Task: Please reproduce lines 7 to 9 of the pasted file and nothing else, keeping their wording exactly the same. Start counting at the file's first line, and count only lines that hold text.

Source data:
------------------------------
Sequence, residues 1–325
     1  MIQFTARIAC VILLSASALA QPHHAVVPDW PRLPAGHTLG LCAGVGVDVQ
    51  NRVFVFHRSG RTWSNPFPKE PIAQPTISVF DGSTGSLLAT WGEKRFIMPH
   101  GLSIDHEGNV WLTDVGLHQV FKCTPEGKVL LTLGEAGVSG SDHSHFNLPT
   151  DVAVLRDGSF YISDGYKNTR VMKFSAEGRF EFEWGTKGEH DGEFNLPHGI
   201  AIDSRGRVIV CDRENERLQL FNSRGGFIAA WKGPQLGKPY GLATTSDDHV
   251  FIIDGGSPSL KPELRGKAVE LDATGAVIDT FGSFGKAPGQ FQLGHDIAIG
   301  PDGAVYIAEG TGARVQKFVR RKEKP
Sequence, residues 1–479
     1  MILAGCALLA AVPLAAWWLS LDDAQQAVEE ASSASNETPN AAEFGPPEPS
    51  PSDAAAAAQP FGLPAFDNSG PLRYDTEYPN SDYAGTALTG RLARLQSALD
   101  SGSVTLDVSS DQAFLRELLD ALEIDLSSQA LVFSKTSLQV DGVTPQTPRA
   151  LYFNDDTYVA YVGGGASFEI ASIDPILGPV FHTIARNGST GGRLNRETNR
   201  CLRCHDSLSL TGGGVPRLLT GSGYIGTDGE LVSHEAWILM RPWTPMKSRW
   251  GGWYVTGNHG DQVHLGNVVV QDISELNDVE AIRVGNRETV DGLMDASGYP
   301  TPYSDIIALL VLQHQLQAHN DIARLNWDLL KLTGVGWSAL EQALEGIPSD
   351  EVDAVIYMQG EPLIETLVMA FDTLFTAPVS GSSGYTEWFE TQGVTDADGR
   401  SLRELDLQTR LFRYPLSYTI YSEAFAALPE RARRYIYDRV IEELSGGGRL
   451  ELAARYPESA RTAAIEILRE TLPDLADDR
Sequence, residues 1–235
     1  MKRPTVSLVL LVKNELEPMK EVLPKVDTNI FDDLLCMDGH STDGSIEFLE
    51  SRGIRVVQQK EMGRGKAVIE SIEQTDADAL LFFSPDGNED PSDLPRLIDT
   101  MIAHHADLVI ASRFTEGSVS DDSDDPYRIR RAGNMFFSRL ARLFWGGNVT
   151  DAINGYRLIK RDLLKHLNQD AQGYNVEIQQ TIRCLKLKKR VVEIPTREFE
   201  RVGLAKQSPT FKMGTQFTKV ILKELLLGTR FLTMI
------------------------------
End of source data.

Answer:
   251  FIIDGGSPSL KPELRGKAVE LDATGAVIDT FGSFGKAPGQ FQLGHDIAIG
   301  PDGAVYIAEG TGARVQKFVR RKEKP
Sequence, residues 1–479